Lot 1 buy sparks debate
By Richard Conn/Daily News staff
Daily News Tribune
Posted Dec 09, 2008 @ 12:41 AM
Some said it was a vital investment to protect a precious parcel, while others said it was waste of money for land that would never be threatened by development.
In the end, the City Council last night voted 9-4 to use $930,000 from the city's Community Preservation Act fund to buy 6.5 acres on Trapelo Road - Waltham's slice of the former Middlesex County Hospital campus known as Lot 1.
A bill was moved by the Legislature earlier this year to transfer the land from the state Division of Capital Asset Management to the city of Waltham, allowing the city to buy the land at fair market value.
The other 47.5 acres of Lot 1 lies in Lexington. Another bill passed by state lawmakers transferred that portion from the state Division of Capital Asset Management to the state Department of Conservation and Recreation.
Ward 6 Councilor Robert Waddick, who voted against the purchase said the parcel in Waltham would likely never be eyed by builders because its mostly wetlands. He added that the protection of the Lexington portion also limits the possibility that Waltham's portion of Lot 1 would ever be threatened by developers.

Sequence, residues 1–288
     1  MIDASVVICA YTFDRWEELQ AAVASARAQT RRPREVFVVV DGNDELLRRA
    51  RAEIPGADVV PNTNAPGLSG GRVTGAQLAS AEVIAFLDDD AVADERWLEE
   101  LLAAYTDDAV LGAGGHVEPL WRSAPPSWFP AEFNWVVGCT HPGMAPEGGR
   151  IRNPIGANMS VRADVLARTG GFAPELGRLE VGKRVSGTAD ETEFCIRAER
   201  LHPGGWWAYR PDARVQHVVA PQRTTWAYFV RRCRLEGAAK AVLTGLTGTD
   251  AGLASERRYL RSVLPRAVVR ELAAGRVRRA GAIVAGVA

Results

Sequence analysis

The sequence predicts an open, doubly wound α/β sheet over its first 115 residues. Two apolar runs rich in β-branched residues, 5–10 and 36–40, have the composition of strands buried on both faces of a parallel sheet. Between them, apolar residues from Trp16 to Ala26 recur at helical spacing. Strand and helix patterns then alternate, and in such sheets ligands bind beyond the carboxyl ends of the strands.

"The chances that this land will be be developed, in my opinion, is slim and none," Waddick said.
City Councilor at large and state Rep.Thomas Stanley, D-Waltham, who sponsored the bills for both parcels of Lot 1 in the House, said that if the council didn't approve the money to buy Waltham's section, the state would likely look to put the land back on the block.
"I firmly believe the state will move to develop this property if we don't act," Stanley said.
Councilor at large David Marcou, who also voted against setting aside the Community Preservation Act money, said that the city would be paying nearly a million dollars for "a swamp."
Marcou said the city instead needs to save its Community Preservation Act dollars to buy the land at the Walter E. Fernald Developmental Center - also on Trapelo Road - if the state ever declares the land surplus.
"We need millions of dollars in the near future to protect Fernald," Marcou said.
Ward 3 Councilor George A. Darcy III said it was important to preserve Waltham's section of Lot 1 because it is "a last linchpin" that links other protected parcels.
Richard Conn can be contacted at 781-398-8004 or email@example.com.
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